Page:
Let's take Number One - the suggestion that Catholics should not idolize their clergy. 

As I say, I got the critique of this one half right.

I pointed out that this kind of mini-idolatry or pragmatic clericalism, shows "a built-in desire to love and admire and to seek Jesus Christ, even in the people around us. The tendency towards clericalism is a sign of the longing for God we have in our hearts. "

In other words, we're made to love and admire other human beings.  We're made to look to our priests as holy men.  We're made to see Christ in them.

And this is why the Incarnation happened. 

The whole key to imitating Christ is TO IMITATE CHRIST.  This is why the Catholic Church has saints - men and women who imitated Him so well that we can look to them as role models, and as "sacramental humans" as it were, as men who, by their witness of holiness and love, direct our gaze to God.


Now we can use the power of the Boycott and get a bad priest or bishop to leave.

But we can't make other men holy.

We can, however, make ourselves holy, by God's grace.

Peter Kreeft explains this strategy all more fully here.

It is the only strategy that will really, ultimately work.  The only answer to sin and sinners is to become, for our sake and theirs, saints.


Tom Leith said...

> In fact, prudence in a case like
> this would dictate that since
> the bishops work for us, we
> really ought to occasionally do
> what needs to be done and fire
> them.

Positively not -- we are not congregationalists -- bishops do not "work for us" in this sense at all.

Chris said...

Unfortunately the whole abuse issue has led us to go to the extreme of wanting to get rid of people at the first instance of wrongdoing, and to cynicism. We are more scared of what the world and the media will think than acting with Christian charity and forgiveness. If the bishop says he is repentant and recognized he did wrong our first reaction is to take him- or anyone- at their word and not assume they are being insincere, etc. And if he/the diocese is willing to make changes in the way they address such claims then we can't dismiss that out of hand as being phony.

He has also been duly tried and punished by the civil authorities. Interesting that Catholics don't seem to be complaining about the civil authorities so much- they did not see fit to sentence him to jail but gave him a probationary sentence.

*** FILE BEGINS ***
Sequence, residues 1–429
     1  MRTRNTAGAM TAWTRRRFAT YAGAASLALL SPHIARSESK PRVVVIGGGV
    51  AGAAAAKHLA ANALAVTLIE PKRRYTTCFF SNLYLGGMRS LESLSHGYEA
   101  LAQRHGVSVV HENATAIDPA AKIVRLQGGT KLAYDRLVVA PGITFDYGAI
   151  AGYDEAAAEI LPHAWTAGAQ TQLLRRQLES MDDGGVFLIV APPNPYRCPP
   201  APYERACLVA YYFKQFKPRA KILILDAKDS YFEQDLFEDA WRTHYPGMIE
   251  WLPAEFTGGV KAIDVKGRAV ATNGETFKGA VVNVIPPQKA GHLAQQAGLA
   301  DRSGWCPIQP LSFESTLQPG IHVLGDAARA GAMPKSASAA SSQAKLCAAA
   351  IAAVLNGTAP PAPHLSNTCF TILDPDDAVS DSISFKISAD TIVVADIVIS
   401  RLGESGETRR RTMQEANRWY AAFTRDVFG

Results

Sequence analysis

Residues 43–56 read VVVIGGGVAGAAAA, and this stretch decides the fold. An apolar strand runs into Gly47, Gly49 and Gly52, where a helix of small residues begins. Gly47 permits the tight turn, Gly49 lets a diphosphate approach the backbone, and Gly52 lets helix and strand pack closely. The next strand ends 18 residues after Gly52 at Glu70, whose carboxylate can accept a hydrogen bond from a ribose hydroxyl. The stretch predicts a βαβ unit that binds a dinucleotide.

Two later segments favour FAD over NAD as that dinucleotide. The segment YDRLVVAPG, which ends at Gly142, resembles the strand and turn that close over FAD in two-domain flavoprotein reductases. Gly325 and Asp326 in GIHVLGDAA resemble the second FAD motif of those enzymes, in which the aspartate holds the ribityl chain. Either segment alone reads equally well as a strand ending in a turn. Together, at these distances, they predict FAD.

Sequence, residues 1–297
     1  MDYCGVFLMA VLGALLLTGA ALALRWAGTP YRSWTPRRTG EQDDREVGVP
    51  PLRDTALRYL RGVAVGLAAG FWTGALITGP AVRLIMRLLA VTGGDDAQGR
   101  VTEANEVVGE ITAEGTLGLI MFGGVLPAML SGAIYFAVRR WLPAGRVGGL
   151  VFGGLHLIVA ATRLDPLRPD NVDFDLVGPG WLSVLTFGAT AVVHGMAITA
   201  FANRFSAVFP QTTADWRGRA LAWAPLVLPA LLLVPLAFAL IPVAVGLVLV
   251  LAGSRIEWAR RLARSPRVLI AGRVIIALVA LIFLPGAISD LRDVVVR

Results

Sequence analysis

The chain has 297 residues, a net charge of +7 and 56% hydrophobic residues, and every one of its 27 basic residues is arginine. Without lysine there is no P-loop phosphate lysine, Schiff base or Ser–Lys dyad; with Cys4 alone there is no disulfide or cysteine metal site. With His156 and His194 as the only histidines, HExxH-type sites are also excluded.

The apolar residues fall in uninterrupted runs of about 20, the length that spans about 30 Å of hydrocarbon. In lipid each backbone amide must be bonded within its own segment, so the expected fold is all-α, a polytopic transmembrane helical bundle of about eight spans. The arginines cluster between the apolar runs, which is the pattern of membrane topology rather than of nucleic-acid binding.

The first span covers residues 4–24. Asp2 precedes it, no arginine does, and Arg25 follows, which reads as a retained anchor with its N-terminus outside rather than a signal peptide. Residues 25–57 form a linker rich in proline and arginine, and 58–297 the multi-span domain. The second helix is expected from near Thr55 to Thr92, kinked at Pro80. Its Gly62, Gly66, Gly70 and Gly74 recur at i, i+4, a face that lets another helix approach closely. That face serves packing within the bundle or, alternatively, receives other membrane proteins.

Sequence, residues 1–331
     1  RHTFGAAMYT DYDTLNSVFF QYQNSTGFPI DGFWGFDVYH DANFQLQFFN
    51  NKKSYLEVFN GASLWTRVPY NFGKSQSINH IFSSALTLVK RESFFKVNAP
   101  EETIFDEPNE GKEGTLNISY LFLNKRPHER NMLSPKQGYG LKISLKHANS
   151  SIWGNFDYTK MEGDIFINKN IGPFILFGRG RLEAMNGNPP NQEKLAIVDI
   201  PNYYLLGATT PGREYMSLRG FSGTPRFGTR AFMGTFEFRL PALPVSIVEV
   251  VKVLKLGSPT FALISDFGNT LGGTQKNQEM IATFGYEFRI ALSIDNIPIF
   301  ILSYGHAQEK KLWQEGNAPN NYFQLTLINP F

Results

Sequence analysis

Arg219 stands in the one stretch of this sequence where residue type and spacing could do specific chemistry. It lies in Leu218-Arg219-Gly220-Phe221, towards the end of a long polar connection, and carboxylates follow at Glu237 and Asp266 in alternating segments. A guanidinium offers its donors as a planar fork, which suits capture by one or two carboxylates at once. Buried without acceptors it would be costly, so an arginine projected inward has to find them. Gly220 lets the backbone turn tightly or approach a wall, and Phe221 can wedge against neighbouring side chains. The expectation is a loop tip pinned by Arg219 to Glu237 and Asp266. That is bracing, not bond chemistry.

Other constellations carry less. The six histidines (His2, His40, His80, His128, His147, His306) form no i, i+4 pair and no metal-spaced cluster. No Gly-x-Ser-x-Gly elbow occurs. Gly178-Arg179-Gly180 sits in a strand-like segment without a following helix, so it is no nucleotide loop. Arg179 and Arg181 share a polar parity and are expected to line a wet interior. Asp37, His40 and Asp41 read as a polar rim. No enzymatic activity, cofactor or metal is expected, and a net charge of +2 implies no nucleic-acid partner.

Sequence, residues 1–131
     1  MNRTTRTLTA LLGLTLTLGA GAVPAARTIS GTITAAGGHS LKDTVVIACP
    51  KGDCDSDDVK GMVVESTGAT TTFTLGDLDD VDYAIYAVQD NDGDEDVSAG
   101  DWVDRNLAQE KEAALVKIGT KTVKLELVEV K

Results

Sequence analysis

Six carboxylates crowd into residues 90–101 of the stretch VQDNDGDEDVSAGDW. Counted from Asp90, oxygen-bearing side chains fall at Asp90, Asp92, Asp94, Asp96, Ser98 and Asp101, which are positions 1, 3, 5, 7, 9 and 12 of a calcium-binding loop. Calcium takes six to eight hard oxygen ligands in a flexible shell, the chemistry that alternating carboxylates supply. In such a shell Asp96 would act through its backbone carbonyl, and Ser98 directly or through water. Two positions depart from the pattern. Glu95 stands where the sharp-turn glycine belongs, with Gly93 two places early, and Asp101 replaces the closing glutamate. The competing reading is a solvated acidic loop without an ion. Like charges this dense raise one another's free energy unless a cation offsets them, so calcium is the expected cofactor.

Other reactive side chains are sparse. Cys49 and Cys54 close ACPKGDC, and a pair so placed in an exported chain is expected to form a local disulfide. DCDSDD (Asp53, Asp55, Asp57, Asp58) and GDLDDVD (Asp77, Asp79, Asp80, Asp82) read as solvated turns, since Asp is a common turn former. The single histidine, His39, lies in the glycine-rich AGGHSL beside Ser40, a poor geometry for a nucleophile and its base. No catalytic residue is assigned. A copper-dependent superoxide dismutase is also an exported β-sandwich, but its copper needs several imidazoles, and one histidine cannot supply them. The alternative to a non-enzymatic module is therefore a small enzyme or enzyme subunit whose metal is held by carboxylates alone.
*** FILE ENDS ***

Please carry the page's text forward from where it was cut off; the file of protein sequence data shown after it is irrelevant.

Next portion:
One does also have to be careful of knowing all the facts of the case versus what the media has reported. This is not to suggest he is being railroaded but the media there has been hostile to Bishop Finn from the start, and the same caution about being wary of the secular media's comments about any Church events are applicable here.

If the bishop had other instances of such conduct then one might have more of an argument for asking for his removal at this time. This is also why the judgment of a bishop is left to the Pope alone rather than to us.

Kevin O'Brien said...

Chris, I don't give a damn what the media thinks. Bishop Finn is not fit to serve. He is not sincerely repentant. Read the material. It's not about a hostile media. Read the Graves Report and the Stipulation of Testimony.


Joey Higgins said...

Positively not -- we are not congregationalists -- bishops do not "work for us" in this sense at all.

Well, how about, they serve us and require our financial support?

Unfortunately the whole abuse issue has led us to go to the extreme of wanting to get rid of people at the first instance of wrongdoing, and to cynicism.

This is tantamount to making a distinction between mistake and bad decision; they can get blurred because often mistakes lead to bad decisions.

It would be a mistake to trust a person that you thought was a good person with your children. While tragic, it would be forgivable in the sense that you might still be a good parent or bishop.

It would be a bad decision to let that person have access to your children if you had any evidence that they were a danger. It would be even worse if you failed to tell others about the information you had. This type of decision would earn you the label "poor parent" or "poor bishop."

In the second case of making a bad decision, you should be removed from your responsibilities because you have failed so completely to protect the most vulnerable, you cannot be trusted. Christian charity and forgiveness do not mean we allow evil to continue. Do you trust a man that has failed absolutely to protect his flock to do so again? How many more millions should we spend and how many more souls should we risk in the name of charity and forgiveness?

The answer should be we cannot afford to wait for either. I do not think it is consistent that charity/forgiveness and protection should be at odds - perhaps a post on what charity and forgiveness cover?